Joseph Goebbels, Nazi Germany’s short, mercurial, ruthless propaganda minister, was known to many as the “poison dwarf.” By all accounts, he was insanely obsessive and manipulative, practicing the dark art of disinformation distribution like no one else.
“If you tell a lie big enough and keep repeating it, people will eventually come to believe it,” Goebbels was quoted as saying, according to the Holocaust Research Project.
We have been told any number of big lies — again and again — in recent years. The biggest, undoubtedly, was the one perpetuated by President Trump that he won November’s election. He did not. Joe Biden won — by a lot — as affirmed by our courts, our state legislatures and now Congress.
Last week, however, that lie cost five people their lives, after Trump riled up an angry mob of insurrectionists with fiery rhetoric and they stormed the Capitol, smashing through doors, stealing government property and pushing, shoving and striking members of the understaffed and overwhelmed Capitol Police force.
During and after the melee, conservative news pundits and Republican lawmakers baselessly — and falsely — claimed that members of the left-wing, anti-fascist group Antifa were responsible for the riotous behavior of the loosely affiliated mass of Trump supporters, white supremacists and conspiracy theorists. That lie was amplified by hundreds of thousands of retweets.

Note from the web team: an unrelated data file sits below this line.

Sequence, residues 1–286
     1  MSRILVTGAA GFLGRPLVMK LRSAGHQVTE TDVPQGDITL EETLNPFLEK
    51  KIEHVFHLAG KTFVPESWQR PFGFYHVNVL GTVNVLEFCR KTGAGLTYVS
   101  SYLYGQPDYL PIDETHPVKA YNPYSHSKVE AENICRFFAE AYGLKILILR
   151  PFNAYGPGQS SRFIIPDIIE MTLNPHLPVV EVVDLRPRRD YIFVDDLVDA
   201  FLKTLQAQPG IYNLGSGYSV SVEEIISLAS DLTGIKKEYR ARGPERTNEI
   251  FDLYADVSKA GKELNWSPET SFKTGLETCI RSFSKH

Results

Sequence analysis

Last Wednesday, many have said, was a day of reckoning for Trump, and he now must own up to what he has done: peddled lies for political gain. It should also, though, serve as a day of reckoning for all of us — an inflection point when we decide, once and for all, to disown the disinformation campaigners and restore normalcy to our media stream.
Truth, based on knowable facts, must be our hallmark. It is a tough ideal to live up to, for sure, but we must do better than we have in recent years. The alternative, as we saw last week, is to descend into chaos and demagoguery, and we know how that turned out for Germany.